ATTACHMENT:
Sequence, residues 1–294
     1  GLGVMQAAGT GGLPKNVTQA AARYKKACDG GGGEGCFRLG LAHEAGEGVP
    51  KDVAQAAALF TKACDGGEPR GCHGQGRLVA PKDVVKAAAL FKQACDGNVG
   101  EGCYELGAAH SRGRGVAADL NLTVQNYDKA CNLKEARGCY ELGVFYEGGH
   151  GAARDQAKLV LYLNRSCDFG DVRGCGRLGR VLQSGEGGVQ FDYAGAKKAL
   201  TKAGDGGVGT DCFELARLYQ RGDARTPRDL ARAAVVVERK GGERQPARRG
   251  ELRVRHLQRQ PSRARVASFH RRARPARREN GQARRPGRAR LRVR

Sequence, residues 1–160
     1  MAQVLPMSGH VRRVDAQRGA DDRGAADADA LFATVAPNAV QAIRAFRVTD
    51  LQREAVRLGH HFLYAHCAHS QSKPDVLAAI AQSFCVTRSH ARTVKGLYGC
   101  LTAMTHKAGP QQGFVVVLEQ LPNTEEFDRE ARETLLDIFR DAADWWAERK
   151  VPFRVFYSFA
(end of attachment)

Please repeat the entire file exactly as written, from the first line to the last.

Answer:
Sequence, residues 1–294
     1  GLGVMQAAGT GGLPKNVTQA AARYKKACDG GGGEGCFRLG LAHEAGEGVP
    51  KDVAQAAALF TKACDGGEPR GCHGQGRLVA PKDVVKAAAL FKQACDGNVG
   101  EGCYELGAAH SRGRGVAADL NLTVQNYDKA CNLKEARGCY ELGVFYEGGH
   151  GAARDQAKLV LYLNRSCDFG DVRGCGRLGR VLQSGEGGVQ FDYAGAKKAL
   201  TKAGDGGVGT DCFELARLYQ RGDARTPRDL ARAAVVVERK GGERQPARRG
   251  ELRVRHLQRQ PSRARVASFH RRARPARREN GQARRPGRAR LRVR

Sequence, residues 1–160
     1  MAQVLPMSGH VRRVDAQRGA DDRGAADADA LFATVAPNAV QAIRAFRVTD
    51  LQREAVRLGH HFLYAHCAHS QSKPDVLAAI AQSFCVTRSH ARTVKGLYGC
   101  LTAMTHKAGP QQGFVVVLEQ LPNTEEFDRE ARETLLDIFR DAADWWAERK
   151  VPFRVFYSFA